Pseudogyps bengalensis, Gm.
5. :- Jerdon's Birds of India, Vol. I, p. 10; Butler, Guzerat; Stray Feathers, Vol. III, p. 442 ; Deccan and South Mahratta country ; Stray Feathers, Vol. IX, p. 369; Murray's Vertebrate Zoology of Sind, p. 63; Swinhoe and Barnes, Central India; Ibis, 1885, p. 54 ; Hume's Scrap Book, p. 26.
THE WHITE-BACKED VULTURE. Gidh, Hin.
Length, 33 to 37; expanse, 83 to 88; wing, 22 to 24; tail, 9 to 11; tarsus, 3.5 to 3.9; bill from gape, 2.65 to 2.9 ; weight, 9 to 13 lbs.
Bill horny, dusky on cere; irides red-brown; legs dusky-black.
Adult: above cinereous-black; back and rump white, beneath dark-brown; the feathers centred lighter; the short feathers of the crop deep-brown; ruff whitish, the feathers short and downy; head and neck nearly bare, with a few scattered hair-like feathers.
The young is paler, with the head and neck more or less clothed with whitish down; bill and cere horny-black; legs black; irides brown.
The White-backed is the commonest Vulture we have; it occurs in great numbers all over the country; they breed during December, January, and February, choosing lofty trees in the neighbourhood of villages, in the tops of which they make huge platform nests, sometimes as many as twelve or fourteen in a single tree. Jerdon says: " It breeds by preference on rocky cliffs." I doubt this, as I have found the nests on trees, adjacent to cliffs, in every way suitable. I have never found more than a single egg, or a single nestling, in a nest; this would seem conclusive, but others state that they lay one or two eggs.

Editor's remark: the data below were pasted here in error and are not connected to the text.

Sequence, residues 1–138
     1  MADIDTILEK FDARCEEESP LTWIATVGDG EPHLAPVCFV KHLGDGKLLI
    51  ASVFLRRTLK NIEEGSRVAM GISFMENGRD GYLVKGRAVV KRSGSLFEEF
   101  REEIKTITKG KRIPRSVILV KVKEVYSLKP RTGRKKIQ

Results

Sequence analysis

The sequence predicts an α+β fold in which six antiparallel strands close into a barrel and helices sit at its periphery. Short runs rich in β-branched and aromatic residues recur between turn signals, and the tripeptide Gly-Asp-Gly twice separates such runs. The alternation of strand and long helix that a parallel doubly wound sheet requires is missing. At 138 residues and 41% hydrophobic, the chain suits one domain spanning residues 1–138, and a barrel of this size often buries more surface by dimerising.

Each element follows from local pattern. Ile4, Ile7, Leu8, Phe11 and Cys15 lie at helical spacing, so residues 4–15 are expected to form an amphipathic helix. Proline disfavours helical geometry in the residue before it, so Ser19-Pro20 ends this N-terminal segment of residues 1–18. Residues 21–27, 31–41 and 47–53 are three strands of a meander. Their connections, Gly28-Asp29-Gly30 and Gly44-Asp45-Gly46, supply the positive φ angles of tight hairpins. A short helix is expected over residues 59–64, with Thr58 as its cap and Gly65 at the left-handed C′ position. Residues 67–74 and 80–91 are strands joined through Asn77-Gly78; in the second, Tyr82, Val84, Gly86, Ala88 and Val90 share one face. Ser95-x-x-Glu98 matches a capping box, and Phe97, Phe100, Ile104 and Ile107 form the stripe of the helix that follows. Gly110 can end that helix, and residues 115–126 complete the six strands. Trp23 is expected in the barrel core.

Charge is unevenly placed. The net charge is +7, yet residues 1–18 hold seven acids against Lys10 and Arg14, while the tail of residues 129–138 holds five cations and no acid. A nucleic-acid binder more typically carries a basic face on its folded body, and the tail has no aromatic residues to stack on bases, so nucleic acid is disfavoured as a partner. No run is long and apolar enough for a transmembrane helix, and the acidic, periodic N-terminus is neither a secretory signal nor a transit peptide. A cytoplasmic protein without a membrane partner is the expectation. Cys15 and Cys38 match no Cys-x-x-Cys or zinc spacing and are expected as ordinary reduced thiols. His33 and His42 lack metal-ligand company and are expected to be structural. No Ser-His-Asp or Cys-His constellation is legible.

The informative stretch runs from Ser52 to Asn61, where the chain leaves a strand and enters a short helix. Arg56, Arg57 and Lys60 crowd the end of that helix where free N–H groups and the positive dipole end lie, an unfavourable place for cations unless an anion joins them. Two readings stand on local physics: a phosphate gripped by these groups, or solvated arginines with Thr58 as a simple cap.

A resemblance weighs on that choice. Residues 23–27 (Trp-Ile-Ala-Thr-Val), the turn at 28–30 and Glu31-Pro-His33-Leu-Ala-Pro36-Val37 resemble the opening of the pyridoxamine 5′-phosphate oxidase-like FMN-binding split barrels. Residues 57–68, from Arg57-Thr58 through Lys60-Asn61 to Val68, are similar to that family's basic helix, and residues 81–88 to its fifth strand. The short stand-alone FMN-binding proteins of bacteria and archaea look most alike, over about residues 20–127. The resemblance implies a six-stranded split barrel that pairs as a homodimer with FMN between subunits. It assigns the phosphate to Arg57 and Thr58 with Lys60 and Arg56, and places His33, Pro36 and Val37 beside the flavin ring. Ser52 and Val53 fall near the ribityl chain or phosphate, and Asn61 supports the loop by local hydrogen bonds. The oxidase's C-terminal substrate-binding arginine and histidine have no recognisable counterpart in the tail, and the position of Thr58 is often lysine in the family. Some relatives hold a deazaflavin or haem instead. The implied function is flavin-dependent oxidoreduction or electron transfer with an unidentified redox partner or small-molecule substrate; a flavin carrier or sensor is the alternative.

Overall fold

The color of the egg is white, with a greenish tinge, and is generally much discolored; they are often spotted and blotched, with various shades of reddish-brown. The texture is moderately fine, the shell thick and strong, and the lining a deep green. They vary much in size and shape, some being moderately long ovals, while others are nearly spherical. They average 3.26 inches in length by 2.42 in breadth.